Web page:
At every moment of our lives, we all have one foot in a fairy tale and the other in the abyss.
-Paulo Coelho

The great aim of every human being is to understand the meaning of total love. Love is not to be found in someone else, but in ourselves; we simply awaken it. But in order to do that, we need the other person. The universe only makes sense when we have someone to share our feelings with.
-Paulo Coelho

Pain and suffering are used to justify the one thing that brings only joy: love.
-Paulo Coelho

Considering the way the world is, one happy day is almost a miracle.
-Paulo Coelho, Eleven Minutes

You have to take risks, he said. We will only understand the miracle of life fully when we allow the unexpected to happen. Every day, God gives us the sun--and also one moment in which we have the ability to change everything that makes us unhappy. Every day, we try to pretend that we haven't perceived that moment, that it doesn't exist--that today is the same as yesterday and will be the same as tomorrow. But if people really pay attention to their everyday lives, they will discover that magic moment. It may arrive in the instant when we are doing something mundane, like putting our front-door key in the lock; it may lie hidden in the quiet that follows the lunch hour or in the thousand and one things that all seem the same to us. But that moment exists--a moment when all the power of the stars becomes a part of us and enables us to perform miracles."
-Paulo Coelho, By the River Piedra I Sat Down and Wept

Our true friends are those who are with us when the good things happen. They cheer us on and are pleased by our triumphs. False friends only appear at difficult times, with their sad, supportive faces, when, in fact, our suffering is serving to console them for their miserable lives.
-Paulo Coelho, The Zahir

Haters are confused admirers who can’t understand why everybody else likes you.
-Paulo Coelho

Love like rain, can nourish from above, drenching couples with a soaking joy. But sometimes under the angry heat of life, love dries on the surface and must nourish from below, tending to its roots keeping itself alive.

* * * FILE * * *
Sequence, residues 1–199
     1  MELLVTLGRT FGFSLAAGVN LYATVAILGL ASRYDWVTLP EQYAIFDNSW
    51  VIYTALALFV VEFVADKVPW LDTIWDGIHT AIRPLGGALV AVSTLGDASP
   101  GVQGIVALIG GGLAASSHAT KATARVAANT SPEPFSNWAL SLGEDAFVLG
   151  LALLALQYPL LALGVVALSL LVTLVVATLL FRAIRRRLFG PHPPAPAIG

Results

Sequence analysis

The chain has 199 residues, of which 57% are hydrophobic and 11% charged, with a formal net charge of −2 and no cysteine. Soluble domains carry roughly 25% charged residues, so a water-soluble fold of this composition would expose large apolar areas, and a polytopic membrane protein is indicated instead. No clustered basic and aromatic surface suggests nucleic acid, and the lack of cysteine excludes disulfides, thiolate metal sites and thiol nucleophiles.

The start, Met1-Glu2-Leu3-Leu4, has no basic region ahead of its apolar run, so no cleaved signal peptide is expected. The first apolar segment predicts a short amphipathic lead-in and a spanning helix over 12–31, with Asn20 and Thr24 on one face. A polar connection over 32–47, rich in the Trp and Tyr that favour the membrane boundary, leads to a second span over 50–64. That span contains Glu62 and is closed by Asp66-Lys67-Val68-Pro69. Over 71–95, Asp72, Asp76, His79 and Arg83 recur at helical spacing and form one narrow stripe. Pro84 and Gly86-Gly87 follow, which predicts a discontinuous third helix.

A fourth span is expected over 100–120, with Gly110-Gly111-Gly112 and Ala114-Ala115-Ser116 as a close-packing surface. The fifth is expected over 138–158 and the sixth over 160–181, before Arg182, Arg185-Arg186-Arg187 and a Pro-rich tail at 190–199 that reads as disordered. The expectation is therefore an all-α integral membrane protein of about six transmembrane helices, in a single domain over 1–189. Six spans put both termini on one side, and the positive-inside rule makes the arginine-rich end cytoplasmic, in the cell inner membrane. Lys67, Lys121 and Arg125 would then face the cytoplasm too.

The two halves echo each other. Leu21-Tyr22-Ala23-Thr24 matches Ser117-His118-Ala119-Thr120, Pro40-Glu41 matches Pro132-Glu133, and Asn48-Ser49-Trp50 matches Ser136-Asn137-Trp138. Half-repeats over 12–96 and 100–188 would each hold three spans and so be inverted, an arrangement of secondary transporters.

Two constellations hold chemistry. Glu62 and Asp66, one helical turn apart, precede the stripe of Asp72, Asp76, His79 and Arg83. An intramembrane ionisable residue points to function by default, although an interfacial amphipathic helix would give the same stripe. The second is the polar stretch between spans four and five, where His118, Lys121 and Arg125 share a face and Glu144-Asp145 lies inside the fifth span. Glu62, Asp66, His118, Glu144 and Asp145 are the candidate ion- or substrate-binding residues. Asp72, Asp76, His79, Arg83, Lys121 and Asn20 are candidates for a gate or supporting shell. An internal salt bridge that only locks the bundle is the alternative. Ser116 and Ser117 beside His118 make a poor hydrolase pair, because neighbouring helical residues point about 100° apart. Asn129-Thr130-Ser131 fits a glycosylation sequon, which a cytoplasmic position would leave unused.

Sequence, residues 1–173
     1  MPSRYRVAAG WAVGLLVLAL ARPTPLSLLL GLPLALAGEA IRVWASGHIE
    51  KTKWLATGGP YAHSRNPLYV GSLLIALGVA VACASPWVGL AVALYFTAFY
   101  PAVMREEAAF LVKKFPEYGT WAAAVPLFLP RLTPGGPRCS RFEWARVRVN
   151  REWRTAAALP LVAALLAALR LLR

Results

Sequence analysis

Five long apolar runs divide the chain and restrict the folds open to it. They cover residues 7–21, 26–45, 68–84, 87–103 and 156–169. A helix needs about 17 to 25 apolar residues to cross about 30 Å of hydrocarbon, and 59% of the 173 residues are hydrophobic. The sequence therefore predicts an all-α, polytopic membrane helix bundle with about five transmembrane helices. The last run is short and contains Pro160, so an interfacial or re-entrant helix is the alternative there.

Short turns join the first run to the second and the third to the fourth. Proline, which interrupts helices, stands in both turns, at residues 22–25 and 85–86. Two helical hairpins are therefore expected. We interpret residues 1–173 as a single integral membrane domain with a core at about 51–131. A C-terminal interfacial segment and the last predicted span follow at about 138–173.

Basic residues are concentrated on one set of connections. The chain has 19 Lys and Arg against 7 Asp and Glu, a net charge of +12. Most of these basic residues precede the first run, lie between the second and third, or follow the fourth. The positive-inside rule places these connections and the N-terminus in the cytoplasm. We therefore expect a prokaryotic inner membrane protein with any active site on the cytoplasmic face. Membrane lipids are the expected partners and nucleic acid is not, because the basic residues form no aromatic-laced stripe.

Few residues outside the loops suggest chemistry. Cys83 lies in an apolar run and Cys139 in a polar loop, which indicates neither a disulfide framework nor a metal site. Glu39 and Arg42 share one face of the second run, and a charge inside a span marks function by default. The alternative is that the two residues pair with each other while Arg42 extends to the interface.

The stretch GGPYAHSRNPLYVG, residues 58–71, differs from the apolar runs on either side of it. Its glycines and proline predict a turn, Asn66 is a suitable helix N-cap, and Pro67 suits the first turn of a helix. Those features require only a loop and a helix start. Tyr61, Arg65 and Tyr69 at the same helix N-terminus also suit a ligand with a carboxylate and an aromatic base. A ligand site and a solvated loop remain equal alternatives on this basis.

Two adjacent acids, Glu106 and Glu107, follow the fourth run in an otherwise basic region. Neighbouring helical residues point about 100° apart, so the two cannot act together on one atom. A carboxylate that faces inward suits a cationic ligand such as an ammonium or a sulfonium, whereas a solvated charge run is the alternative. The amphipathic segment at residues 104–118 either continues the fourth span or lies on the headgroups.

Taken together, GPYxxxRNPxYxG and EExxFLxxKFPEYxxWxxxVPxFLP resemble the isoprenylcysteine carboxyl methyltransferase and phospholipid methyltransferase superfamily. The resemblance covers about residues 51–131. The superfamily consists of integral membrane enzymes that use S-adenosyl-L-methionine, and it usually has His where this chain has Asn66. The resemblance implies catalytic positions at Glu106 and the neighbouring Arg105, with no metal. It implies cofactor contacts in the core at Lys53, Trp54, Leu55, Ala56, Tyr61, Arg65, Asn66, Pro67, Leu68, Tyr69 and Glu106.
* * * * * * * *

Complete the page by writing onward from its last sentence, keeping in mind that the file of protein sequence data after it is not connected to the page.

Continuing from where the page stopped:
-Paulo Coelho, By the River Piedra I Sat Down and Wept

You are someone who is different, but who wants to be the same as everyone else. And that in my view is a serious illness. God chose you to be different. Why are you disappointing God with this kind of attitude?
-Paulo Coelho, Veronika Decides to Die

Borges said there are only four stories to tell: a love story between two people, a love story between three people, the struggle for power and the voyage. All of us writers rewrite these same stories ad infinitum.
-Paulo Coelho

Sorrows do not last forever when we are journeying towards the thing we have always wanted.
-Paulo Coelho

Stalling for Time

I am reading Stalling for Time; My Life a an FBI Hostage Negotiator by Gary Noesner. The stories are amazing.

Saturday, January 29, 2011

Anne Lamott

Hers was a face anyone would naturally want in the kitchen, a combination of fresh peach and aged potato. You could see the weight and warmth and softness of her cheeks - that tender part a mother would cup in her hands - now grown so old. I love that she loved fats too much, and cheeses; I love that she would not let you eschew either. She was just about the last of the food people who did not get caught up in any modern madness, insisting instead on staying in the luxuriousness of taste and texture and communion.

Anne Lamott, M.F.K. Fisher A life in Letters

Fertility Clowns

Send in the Clowns

by Stephen Sondheim

Isn't it rich?
Are we a pair?
Me here at last on the ground,
You in mid-air.
Send in the clowns.

Isn't it bliss?
Don't you approve?
One who keeps tearing around,
One who can't move.
Where are the clowns?
Send in the clowns.

Just when I'd stopped
Opening doors,
Finally knowing
The one that I wanted was yours,
Making my entrance again
With my usual flair,
Sure of my lines,
No one is there.

Don't you love farce?
My fault, I fear.
I thought that you'd want what I want -
Sorry, my dear.
But where are the clowns?
There ought to be clowns.
Quick, send in the clowns.

What a surprise.
Who could foresee
I'd come to feel about you
What you'd felt about me?
Why only now when I see
That you'd drifted away?
What a surprise.
What a cliché.

Isn't it rich?
Isn't it queer?
Losing my timing this late
In my career?
And where are the clowns?
Quick, send in the clowns.
Don't bother - they're here.

-Stephen Sondheim

Hilma Wolitzer

Embarking Together on Solitary Journeys

Teachers Wounds and Powers

If we want to improve the quality of college teaching, a million workshops on methodology will not be enough. Good teaching does not come from technique. It comes from the identity and integrity of the teacher. If we want to teach well, we must learn more about the human dimensions of our craft-about the inward sources of our teaching, about the claims it makes on our lives, about our relations with our students, about a teacher's wounds and powers.